Paleo Irony: Rhetoric vs. Reality on Birds (+ Pterosaurs, while we’re at it)

A new paper
by Smith et al. (2015) cements the relationship of birds with mairaptoran theropod dinosaurs (a nesting confirmed by the large reptile tree.) It was inspired by recent papers attempting to distance birds from theropod dinosaurs by Alan Feduccia and the late Stephen Czerkas (links below).

From the Smith et al. abstract: “Birds are maniraptoran theropod dinosaurs. The evidence supporting the systematic position of Avialae as a derived clade within Dinosauria is  voluminous and derived from multiple independent lines of evidence. In contrast, a paucity of selectively chosen data weakly support, at best, alternative proposals regarding the origin of birds and feathers. Opponents of the theory that birds are dinosaurs have frequently based their criticisms on unorthodox interpretations of paleontological data and misrepresentation of phylogenetic systematic methods. Moreover, arguments against the nested position of Avialae in Dinosauria have often conflated the logically distinct questions of avian origins, the evolution of flight, and the phylogenetic distribution of feathers. Motivated by a Perspectives article with numerous factual inaccuracies that recently appeared in The Auk, we provide a review of the full complement of facts pertaining to the avian origins debate and address the misplaced criticisms raised in that opinion paper.”

All you have to do is substitute
‘pterosaurs’ for ‘birds’ in the abstract and the rest follows in perfect irony:

Pterosaurs are fenestrasaur tritosaur lepidosaurs. The evidence supporting the systematic position of Pterosauria as a derived clade within Fenestrasauria is  voluminous and derived from multiple independent lines of evidence (fenestrasaurs are not necessary to nest pterosaurs within tritosaur lepidosaurs). In contrast, a paucity of selectively chosen data weakly support, at best, alternative proposals regarding the origin of pterosaurs as archosaurs. Opponents of the theory that pterosaurs are fenestrasaurs have frequently based their cladograms on taxon exclusion and misrepresentation of scoring data. Moreover, arguments against the nested position of Pterosauria in Fenestrasauria/Tritosauria/Lepidosauria have often conflated the logically distinct questions of pterosaur origins, the evolution of flight, and the phylogenetic distribution of patagial and other membranes. Motivated by a Sues and Nesbitt (2013) paper based on a Nesbitt (2011) cladogram with numerous scoring inaccuracies and taxon exclusion that has been a traditional fault, I provide a review of the full complement of facts pertaining to the pterosaur origins debate and address the misplaced criticisms raised in a Hone and Benton (2007, 2008) paper.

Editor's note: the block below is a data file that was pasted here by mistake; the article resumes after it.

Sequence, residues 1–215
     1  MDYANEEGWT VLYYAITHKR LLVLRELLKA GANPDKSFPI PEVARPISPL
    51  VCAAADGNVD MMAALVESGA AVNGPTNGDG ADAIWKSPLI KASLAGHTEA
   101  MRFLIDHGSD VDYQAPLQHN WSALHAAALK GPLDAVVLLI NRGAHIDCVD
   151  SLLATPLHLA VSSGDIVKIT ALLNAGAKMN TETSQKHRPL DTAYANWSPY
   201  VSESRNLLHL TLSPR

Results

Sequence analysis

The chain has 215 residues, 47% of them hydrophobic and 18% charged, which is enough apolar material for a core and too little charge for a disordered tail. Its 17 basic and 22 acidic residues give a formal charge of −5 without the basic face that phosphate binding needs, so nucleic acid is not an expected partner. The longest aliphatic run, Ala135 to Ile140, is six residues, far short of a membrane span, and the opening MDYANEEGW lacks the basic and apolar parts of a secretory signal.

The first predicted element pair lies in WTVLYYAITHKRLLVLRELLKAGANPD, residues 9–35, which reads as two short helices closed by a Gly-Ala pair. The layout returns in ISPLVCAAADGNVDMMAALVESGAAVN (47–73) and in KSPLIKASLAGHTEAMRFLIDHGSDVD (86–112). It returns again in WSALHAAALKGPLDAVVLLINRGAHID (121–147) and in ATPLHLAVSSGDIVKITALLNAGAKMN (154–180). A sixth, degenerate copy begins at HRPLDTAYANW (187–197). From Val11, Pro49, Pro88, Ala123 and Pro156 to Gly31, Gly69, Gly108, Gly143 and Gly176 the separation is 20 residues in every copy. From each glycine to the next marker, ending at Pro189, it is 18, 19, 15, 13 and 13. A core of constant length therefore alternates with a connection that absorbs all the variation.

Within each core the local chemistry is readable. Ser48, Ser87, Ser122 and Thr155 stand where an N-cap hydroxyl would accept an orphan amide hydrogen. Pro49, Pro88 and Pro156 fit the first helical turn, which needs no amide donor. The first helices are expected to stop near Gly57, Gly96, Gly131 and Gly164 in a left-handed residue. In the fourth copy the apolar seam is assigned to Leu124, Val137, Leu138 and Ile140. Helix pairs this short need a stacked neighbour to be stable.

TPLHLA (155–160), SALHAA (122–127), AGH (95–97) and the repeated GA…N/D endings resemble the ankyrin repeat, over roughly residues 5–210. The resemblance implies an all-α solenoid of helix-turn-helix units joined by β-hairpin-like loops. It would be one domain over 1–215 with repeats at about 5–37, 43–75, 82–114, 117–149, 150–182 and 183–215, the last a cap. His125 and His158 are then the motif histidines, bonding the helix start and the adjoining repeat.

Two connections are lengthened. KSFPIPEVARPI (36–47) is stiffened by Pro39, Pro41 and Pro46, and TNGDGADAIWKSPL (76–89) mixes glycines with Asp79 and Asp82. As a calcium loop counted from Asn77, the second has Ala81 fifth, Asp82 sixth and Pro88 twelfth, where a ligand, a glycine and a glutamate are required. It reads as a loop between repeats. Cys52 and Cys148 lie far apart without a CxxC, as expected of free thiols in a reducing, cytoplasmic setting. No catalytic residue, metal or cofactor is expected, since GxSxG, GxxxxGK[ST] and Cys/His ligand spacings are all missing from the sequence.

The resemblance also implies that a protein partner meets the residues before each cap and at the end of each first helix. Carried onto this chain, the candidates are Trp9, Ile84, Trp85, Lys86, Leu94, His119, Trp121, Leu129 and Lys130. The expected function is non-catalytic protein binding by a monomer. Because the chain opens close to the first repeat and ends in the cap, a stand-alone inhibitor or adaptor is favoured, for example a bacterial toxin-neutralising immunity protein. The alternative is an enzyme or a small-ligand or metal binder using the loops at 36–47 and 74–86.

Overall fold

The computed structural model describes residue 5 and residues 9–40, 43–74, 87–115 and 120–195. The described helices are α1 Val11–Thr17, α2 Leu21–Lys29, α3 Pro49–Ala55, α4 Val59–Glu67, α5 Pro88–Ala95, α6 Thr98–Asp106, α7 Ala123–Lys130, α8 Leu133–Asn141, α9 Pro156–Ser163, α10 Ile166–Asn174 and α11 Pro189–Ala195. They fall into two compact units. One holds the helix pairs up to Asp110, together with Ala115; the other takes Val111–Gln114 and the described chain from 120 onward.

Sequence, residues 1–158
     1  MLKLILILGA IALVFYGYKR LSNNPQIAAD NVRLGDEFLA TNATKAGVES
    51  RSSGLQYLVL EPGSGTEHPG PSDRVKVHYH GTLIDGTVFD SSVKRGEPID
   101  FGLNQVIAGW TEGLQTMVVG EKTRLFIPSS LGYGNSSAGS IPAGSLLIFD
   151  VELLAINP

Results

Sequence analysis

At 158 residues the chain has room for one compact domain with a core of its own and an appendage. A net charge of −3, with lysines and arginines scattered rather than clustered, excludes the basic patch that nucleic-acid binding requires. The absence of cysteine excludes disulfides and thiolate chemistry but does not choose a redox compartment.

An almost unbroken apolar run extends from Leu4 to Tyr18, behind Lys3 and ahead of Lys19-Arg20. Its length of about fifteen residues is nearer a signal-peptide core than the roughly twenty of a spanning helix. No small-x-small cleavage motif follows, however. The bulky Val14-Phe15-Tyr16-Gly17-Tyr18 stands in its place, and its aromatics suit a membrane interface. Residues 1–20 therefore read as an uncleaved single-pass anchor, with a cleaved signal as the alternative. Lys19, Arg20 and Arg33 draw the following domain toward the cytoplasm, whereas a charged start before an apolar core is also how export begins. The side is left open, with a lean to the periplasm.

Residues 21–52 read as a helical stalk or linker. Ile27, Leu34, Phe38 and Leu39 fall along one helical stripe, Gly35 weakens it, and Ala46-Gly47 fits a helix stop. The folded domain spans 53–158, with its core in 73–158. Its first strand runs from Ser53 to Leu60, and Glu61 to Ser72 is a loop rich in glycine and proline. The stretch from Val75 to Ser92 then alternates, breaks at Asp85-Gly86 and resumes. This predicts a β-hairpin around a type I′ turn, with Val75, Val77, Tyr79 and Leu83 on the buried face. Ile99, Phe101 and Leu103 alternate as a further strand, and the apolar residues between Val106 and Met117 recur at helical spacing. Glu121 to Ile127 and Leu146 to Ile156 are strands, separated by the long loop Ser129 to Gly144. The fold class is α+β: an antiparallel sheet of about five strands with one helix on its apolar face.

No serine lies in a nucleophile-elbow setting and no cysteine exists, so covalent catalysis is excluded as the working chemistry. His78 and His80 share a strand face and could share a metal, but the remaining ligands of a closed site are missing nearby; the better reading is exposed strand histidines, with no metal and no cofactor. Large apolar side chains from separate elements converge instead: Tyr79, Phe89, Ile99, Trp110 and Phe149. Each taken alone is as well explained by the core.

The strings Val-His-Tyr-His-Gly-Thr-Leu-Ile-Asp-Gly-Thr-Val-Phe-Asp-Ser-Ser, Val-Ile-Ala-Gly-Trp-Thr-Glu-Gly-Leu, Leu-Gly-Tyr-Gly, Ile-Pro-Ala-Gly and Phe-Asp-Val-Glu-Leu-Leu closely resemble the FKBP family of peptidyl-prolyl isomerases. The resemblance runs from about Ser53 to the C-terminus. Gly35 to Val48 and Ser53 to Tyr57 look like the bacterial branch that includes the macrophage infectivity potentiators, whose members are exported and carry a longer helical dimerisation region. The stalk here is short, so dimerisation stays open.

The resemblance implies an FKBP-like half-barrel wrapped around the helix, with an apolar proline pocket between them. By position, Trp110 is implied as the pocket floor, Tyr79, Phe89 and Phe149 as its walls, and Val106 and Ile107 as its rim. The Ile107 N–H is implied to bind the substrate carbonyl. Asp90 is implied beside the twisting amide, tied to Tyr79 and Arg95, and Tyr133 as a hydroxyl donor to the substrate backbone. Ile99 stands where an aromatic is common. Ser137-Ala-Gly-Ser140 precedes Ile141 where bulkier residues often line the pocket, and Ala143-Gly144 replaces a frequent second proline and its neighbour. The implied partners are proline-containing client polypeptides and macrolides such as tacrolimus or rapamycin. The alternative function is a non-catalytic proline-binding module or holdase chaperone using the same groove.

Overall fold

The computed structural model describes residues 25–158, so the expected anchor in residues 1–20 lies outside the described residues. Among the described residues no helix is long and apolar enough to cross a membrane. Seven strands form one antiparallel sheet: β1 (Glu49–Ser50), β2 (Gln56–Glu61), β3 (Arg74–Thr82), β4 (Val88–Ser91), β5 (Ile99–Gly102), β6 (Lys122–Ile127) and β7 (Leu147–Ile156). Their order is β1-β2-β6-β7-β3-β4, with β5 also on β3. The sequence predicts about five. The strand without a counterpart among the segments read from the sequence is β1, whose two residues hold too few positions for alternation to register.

See ReptileEvolution.com and various topics within PterosaurHeresies.Wordpress.com for text and figures.

See here and here for Nesbitt 2011 issues and here for Hone and Benton issues.

And while you’re at it
you can look up alternative nestings for Vancleavea, Casea, Mesosaurus, turtles, synapsids, tiny pterosaurs, Eudibamus, Cartorhynchus, Gephyrostegus, etc. etc.

Isn’t it ironic
that the paleontologists who support an archosaur relationship won’t even look at a lepidosaur relationship? And they reject papers that do present a lepidosaur relationship because such a nesting is heterodox (= different). AND they continue to promote the hypothesis that pterosaurs evolved “without obvious antecedent” with purported sisters that don’t look anything like pterosaurs.

We need
a generally accepted large scale umbrella study of the Reptilia (= Amniota) in order to proceed with smaller more focused studies with greater confidence and to repair old issues. In fact, such a study should also quiet the opposition from Dr. Feduccia on the bird/theropod issue.

References
Smith NA, Chiappe LM, Clarke JA, Edwards SV, Nesbitt SJ, Norell MA, Stidham TA, Turner A, van Tuinen M,  Vinther J and Xu X 2015. Rhetoric vs. reality: A commentary on “Bird Origins Anew” by A. Feduccia. The Auk 132(2): 467-480

doi: http://dx.doi.org/10.1642/AUK-14-203.1
http://www.bioone.org/doi/abs/10.1642/AUK-14-203.1

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